I read in last week’s “The Selma News” right on the front page that former Mayor Charles Hester has publicly said that the town should not cut its electric rates and instead should take those funds and construct a building on speculation in its new industrial park.  The idea was to attract industry to come to Selma by showing that we are serious about new tenants and have a move-in ready facility.  Mr. Hester has long championed the idea of increasing the town’s tax base.  On that, he and I are in total agreement.  We just differ vastly on how to accomplish that end.

It all comes down to the idea of the proper role of government.  I am much more of a free market person, believing that if there is a place in the market for something, then business will make it happen because of the motivation of profit.  That has been the driving force behind the capitalist system for centuries and has made America the most powerful nation on earth.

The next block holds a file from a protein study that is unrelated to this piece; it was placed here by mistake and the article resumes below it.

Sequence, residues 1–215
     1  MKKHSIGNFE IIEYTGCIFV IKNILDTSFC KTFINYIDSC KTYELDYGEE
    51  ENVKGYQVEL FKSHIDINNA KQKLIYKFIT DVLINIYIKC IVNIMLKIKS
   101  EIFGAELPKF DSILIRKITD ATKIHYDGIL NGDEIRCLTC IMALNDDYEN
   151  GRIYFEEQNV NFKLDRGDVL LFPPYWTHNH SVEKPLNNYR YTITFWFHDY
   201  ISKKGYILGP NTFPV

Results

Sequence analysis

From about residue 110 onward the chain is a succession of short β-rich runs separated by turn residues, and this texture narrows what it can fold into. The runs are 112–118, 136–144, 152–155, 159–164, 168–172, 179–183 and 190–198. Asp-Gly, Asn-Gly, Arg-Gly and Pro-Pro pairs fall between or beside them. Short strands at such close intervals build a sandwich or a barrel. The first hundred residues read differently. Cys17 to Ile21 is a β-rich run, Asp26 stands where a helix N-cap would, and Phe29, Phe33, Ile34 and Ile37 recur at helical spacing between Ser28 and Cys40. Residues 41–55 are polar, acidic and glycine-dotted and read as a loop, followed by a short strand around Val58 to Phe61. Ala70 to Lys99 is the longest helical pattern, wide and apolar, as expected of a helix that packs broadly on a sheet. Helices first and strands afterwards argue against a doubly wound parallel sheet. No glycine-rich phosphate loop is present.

I am fully in support of the current Selma Town Council and mayor lowering the electricity rates that Selma charges.  Ever since I moved to Selma ten years ago, I have lamented the high utility rates.  Towns that participate in Electricities or are “public power communities” do their communities a disservice with higher than necessary electric rates for the sole purpose of extracting more revenue from their citizens.  I wrote some time ago (June 9th of last year) about how my electricity bill that month was almost exactly $100 higher than the rate I would have been charged had I bought my electricity straight from Progress Energy.  That $100 should by all rights be considered taxation.  Since the only method of receiving revenue by a government is by extracting it from its population, then a cut in the profits from the retail sale of electricity in Selma must equate to a tax cut.  A 3.5% rate cut for individuals or a 2% cut for businesses is not a big cut, but it is a start.